Segregation Case May Be Settled Within Haredi Community

Rabbi Ovadia Yosef's harsh remarks against turning to "the secular courts" have evidently had an impact: The conflict over the segregation of Ashkenazi and Sephardi students at the Beit Yaakov girls school in Immanuel may now be resolved within the Haredi (ultra-Orthodox ) community.

Haredi schoolgirls
Itzik Ben Malki

Rabbi Yaakov Yosef, the spiritual mentor of the petitioner in the case, Yoav Lalum, is known for his independence. But even he could not withstand the ferocious volley unleased by his father, the unquestioned leader of Israel's Sephardi community.

At his regular weekly class on Saturday night, the elder Yosef said that anyone who petitions the High Court of Justice "raises his hand against the Torah of Moses" and "has no place in the world to come."

Aside from the family drama, and the surprising fact that Ovadia Yosef opted to side with the Ashkenazi Haredim, the move has prompted a turnabout in the conflict in Immanuel, though it may yet prove temporary.

First, Yaakov Yosef announced that he was backing away from the case. And yesterday, Yoav Lalum signed an agreement to have the case arbitrated by a rabbinical court - which ostensibly turns the issue back into an internal Haredi dispute.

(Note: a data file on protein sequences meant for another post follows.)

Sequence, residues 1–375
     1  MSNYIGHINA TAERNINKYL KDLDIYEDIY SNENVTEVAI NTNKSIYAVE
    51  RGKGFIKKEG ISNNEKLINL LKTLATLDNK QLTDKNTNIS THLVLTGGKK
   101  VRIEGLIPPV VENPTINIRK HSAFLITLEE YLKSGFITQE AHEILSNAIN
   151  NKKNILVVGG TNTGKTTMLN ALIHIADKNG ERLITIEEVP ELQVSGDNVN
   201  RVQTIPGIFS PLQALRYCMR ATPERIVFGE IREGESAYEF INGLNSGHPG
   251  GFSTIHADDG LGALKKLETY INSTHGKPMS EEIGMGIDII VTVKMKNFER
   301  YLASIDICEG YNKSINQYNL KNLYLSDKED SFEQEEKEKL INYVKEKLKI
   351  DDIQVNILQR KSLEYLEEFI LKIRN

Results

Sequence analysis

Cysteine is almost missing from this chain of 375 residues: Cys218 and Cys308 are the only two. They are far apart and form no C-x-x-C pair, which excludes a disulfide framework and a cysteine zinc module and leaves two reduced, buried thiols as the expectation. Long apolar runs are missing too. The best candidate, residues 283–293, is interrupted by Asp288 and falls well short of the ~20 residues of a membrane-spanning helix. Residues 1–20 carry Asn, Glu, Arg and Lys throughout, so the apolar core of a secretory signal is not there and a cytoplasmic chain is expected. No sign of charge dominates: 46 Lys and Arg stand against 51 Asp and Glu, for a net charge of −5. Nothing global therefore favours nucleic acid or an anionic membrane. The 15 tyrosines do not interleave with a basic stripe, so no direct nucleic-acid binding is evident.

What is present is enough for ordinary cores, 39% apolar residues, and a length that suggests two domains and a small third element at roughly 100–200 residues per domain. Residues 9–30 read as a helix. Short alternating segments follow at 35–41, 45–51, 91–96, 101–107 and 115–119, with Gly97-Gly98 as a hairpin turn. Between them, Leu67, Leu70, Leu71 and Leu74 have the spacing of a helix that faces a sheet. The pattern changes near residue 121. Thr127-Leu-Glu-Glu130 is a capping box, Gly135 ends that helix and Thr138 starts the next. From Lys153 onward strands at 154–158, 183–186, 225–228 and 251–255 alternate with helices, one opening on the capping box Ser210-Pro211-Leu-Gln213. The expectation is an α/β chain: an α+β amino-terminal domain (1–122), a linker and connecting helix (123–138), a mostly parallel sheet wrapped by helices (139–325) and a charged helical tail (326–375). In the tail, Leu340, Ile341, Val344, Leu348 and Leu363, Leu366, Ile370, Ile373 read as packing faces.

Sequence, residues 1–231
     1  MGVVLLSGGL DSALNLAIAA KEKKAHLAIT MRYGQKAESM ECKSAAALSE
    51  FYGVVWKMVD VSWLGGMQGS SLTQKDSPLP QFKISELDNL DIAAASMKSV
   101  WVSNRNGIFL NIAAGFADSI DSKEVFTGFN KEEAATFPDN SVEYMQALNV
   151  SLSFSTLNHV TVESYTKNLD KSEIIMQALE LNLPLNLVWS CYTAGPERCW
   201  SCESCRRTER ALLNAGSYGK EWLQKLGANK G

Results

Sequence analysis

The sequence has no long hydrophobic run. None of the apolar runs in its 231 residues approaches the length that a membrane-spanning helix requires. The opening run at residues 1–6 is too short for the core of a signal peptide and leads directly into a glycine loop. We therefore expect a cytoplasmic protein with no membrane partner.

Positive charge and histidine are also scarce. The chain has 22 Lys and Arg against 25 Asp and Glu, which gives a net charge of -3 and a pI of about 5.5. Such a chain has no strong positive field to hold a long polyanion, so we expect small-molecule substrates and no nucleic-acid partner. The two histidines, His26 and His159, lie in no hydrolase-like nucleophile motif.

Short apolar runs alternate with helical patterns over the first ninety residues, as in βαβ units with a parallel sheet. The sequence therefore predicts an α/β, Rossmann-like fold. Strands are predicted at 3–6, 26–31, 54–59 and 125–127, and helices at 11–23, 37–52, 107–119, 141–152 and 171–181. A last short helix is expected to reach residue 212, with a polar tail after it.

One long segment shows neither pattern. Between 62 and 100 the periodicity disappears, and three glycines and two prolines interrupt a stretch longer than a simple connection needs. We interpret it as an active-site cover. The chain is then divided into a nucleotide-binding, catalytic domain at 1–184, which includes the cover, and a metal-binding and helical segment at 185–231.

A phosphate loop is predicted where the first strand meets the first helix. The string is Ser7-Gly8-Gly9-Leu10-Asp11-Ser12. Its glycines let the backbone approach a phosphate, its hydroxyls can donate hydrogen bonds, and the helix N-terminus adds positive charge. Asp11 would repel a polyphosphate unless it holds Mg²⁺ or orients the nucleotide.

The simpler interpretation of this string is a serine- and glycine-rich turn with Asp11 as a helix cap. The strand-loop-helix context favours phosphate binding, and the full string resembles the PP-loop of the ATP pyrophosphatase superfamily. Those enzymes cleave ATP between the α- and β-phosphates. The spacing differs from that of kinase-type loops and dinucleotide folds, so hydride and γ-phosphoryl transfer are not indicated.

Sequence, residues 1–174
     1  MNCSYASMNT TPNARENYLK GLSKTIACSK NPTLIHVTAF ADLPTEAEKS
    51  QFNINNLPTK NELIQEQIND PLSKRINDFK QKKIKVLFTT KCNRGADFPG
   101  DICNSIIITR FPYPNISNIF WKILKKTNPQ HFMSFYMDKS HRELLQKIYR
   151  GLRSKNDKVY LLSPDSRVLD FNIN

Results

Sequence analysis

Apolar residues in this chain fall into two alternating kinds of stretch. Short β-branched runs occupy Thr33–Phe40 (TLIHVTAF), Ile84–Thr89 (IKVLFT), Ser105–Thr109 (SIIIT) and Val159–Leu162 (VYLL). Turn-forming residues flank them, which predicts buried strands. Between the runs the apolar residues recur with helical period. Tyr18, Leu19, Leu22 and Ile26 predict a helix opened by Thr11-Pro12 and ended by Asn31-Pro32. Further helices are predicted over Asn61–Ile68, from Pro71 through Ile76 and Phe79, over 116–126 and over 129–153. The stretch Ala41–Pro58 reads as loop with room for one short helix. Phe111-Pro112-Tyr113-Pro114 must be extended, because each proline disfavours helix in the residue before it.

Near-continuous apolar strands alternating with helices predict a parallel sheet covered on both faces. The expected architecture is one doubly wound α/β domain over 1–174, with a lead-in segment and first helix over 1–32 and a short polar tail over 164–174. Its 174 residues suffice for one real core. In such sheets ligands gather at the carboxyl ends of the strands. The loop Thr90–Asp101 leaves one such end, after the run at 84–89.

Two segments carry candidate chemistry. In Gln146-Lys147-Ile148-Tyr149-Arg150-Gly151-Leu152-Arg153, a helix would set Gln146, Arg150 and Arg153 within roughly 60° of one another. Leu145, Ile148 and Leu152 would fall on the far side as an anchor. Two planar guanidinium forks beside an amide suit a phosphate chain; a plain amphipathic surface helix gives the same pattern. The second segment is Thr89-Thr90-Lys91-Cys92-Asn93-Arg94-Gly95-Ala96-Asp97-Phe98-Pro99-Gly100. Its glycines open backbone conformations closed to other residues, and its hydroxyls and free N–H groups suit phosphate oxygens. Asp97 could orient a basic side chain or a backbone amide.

Nevertheless, it currently looks as if the change might be short-lived. First, it was not clear yesterday whether Lalum would indeed withdraw his High Court petition before today's arbitration hearing.

Though he promised to do so, he conditioned it on the other parties to the case signing off on a court order to integrate the school's Sephardi and Ashkenazi tracks next year. Such a signature would not be enforceable, but Lalum nevertheless insisted - and neither his Haredi opponents nor the rabbinical court seem likely to agree.

Second, the group that filed suit against him in the rabbinical court consists solely of Slonim Hasidim from Immanuel - who constitute a plurality of the school's parents, but not a majority. The other Ashkenazi families belong to other Hasidic sects; there are also about a dozen Sephardi families.

Third, even if Lalum withdraws his petition, that does not mean the High Court will cease the contempt of court proceedings. A senior jurist said that such an eventuality would be rare, and might even be unprecedented.